In explaining its decision, the Office of Personnel Management told Pincus, “Foreign contacts and interests may be a security concern due to divided loyalties or foreign financial interests, may be manipulated or induced to help a foreign person, group, organization or government in a way that is not in U.S. interests or is vulnerable to pressure or coercion by foreign interests.”

It is offensive and unfair that OPM has raised the question of Pincus’ dual loyalties merely because he has family in Israel. How many Jews would be deemed poor security risks on that basis? Is it now necessary for Jews seeking security clearances who have relatives there to renounce Israel? And must those Jews also refrain from traveling to the Jewish state or risk being denied security clearances? Indeed, are all Jews inherently suspect when it comes to Israel?

Pincus has appealed the OPM decision to Navy Secretary Ray Mabus. The OPM isn’t talking about the case. But just from the contours of the whole affair, we must cry foul. Pincus was filling cavities and doing other dental work in Upstate New York; he wasn’t working on the Manhattan Project.

What is it about Pincus’ ties to Israel that have disqualified him? The government better have a very good answer. And, unless he is somehow complicit in illegal activity, Pincus should be reinstated immediately with back pay and an effusive apology.

In these hypersensitive times, OPM can ill afford to make a stupid mistake.

Justice, Not Vengeance, for Freddie Gray

A protester carries a sign outside the City Circuit Court House during jury deliberations in the trial  of William G. Porter.

A protester carries a sign outside the City Circuit Court House during jury deliberations in the trial of William G. Porter.

The mistrial of Baltimore Police Officer William G. Porter, who was on trial for the death of Freddie Gray, likely satisfied no one. Most disappointed appear to be those who wanted to see Porter convicted of the charges against him: involuntary manslaughter, second-degree assault, reckless endangerment and misconduct in office.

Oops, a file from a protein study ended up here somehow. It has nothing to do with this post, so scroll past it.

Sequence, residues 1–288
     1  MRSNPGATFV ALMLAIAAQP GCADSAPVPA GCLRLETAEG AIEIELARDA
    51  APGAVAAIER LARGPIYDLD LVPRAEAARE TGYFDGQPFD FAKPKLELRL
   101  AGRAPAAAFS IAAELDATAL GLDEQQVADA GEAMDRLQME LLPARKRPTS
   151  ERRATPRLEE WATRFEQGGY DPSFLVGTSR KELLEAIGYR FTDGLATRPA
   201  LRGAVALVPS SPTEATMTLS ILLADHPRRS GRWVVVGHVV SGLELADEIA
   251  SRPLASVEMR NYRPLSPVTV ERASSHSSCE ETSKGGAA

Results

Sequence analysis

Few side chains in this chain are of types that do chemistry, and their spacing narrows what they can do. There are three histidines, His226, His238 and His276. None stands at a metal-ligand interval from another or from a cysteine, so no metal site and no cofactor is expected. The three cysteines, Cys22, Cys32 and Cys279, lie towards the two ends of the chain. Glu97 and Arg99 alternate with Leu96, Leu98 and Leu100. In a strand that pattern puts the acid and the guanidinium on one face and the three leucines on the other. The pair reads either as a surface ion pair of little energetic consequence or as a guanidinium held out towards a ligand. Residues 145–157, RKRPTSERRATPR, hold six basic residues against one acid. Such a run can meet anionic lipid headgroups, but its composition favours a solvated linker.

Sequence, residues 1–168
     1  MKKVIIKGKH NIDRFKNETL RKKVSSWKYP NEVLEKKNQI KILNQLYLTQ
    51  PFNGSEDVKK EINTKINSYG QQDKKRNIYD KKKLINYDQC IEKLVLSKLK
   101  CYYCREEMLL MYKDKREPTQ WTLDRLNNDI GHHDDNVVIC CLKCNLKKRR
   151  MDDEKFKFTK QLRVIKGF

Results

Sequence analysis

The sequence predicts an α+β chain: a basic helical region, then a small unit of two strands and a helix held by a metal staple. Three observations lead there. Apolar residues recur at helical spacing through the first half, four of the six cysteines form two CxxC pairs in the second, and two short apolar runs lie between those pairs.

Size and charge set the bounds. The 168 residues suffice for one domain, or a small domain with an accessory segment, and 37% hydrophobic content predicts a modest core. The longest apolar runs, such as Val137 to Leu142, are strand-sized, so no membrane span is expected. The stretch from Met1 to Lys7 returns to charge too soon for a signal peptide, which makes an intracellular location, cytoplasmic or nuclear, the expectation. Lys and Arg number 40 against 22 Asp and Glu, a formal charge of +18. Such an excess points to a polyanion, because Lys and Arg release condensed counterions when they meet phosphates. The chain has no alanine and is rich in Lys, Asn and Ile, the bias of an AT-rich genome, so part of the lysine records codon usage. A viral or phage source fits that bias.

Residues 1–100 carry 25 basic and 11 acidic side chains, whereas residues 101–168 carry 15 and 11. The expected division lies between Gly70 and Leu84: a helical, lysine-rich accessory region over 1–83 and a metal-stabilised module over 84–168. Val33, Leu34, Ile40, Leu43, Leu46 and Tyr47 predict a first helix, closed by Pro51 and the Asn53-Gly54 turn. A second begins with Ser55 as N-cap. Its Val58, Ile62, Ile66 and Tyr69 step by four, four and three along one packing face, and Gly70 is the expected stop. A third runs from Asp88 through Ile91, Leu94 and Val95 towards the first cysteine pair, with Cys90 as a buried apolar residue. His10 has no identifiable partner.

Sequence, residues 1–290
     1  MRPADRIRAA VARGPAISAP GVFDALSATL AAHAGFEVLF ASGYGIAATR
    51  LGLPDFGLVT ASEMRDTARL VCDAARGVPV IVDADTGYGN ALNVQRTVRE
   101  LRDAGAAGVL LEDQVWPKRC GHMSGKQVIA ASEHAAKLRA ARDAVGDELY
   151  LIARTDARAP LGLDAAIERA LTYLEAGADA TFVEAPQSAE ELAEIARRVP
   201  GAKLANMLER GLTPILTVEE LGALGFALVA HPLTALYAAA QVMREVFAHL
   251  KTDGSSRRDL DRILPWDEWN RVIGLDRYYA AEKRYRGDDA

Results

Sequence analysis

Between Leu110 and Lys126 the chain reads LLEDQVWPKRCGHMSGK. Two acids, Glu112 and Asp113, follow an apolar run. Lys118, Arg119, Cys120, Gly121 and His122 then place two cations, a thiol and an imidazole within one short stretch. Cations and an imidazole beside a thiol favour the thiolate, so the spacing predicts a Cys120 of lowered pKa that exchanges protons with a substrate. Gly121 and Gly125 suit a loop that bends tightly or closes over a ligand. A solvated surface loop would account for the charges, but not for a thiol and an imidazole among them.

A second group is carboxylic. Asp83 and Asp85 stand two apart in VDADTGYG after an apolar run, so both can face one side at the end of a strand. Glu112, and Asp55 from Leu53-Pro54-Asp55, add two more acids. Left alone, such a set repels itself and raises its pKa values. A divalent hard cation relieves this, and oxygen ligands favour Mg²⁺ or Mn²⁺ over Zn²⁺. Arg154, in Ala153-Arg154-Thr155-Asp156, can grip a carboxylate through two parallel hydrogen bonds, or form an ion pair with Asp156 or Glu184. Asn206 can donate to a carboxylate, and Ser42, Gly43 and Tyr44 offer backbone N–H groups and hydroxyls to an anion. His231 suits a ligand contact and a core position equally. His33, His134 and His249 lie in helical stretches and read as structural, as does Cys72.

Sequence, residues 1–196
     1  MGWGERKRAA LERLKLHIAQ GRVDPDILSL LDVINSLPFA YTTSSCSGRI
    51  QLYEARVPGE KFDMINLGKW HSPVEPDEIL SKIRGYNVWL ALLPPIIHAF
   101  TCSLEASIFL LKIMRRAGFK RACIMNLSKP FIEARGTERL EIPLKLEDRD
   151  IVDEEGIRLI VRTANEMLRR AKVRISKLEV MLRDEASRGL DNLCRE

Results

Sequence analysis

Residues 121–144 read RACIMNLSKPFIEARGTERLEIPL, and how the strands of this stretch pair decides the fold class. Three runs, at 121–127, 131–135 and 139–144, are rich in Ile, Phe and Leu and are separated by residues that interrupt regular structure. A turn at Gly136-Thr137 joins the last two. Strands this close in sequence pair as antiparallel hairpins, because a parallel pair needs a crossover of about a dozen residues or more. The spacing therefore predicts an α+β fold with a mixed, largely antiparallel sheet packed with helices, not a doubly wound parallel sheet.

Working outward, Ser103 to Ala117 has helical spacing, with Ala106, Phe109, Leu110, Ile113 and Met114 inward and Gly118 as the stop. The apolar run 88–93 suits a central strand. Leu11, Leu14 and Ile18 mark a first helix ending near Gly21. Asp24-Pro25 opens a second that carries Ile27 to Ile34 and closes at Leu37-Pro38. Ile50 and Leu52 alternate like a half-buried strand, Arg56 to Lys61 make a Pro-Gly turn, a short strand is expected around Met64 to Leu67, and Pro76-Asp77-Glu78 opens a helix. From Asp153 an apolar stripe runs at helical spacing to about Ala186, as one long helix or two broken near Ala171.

The fact that there was no rioting following the announcement — as there was after Gray’s funeral in April — is a testament to the commitment of the residents of Baltimore to see the Gray case through the justice system. Five more police officers remain to be tried in Gray’s death, and the prosecution has scheduled a retrial for Porter.

The day before the mistrial was announced, civic leaders called for a peaceful response to whatever was to come. “We, who struggle for greater justice in our society, must be prepared to do justice as well,” said U.S. Rep. Elijah Cummings (D-District 7). “We must be just whether we agree or disagree with a jury’s verdict in a single criminal trial.”

In calling for justice, Cummings and others were also encouraging all members of the Baltimore community to respect the system, even if they feel that the system has long been stacked against them. A similar sentiment was expressed by Mayor Stephanie Rawlings-Blake after the mistrial was announced, when she declared: “All of us, if we believe in justice, must have respect for the outcome of the judicial process.”

Yet, in some of the protests following the announcement of the hung jury, there were some who asserted that anything less than a full conviction on all counts was a miscarriage of justice. And there were others who were even more provocative and who sought to equate justice with vengeance. We disagree, and we believe that most Baltimoreans disagree. Our system of morality and justice continues to believe that a defendant is innocent until proven guilty. That is so no matter how deep the sense of wrong actually is or how forcefully a community believes that crimes have been committed.

Thankfully, the calls for justice drowned out the calls for vengeance, and our community is fortunate that the protests were peaceful. There is still a long way to go to secure justice for Freddie Gray, but one thing has become very clear: The complex and deeply divisive problems facing Baltimore will not be solved by sending six police officers to prison. Rather, resolution of the problems will depend on a comprehensive overhaul of the entire system, starting with a mismanaged police department.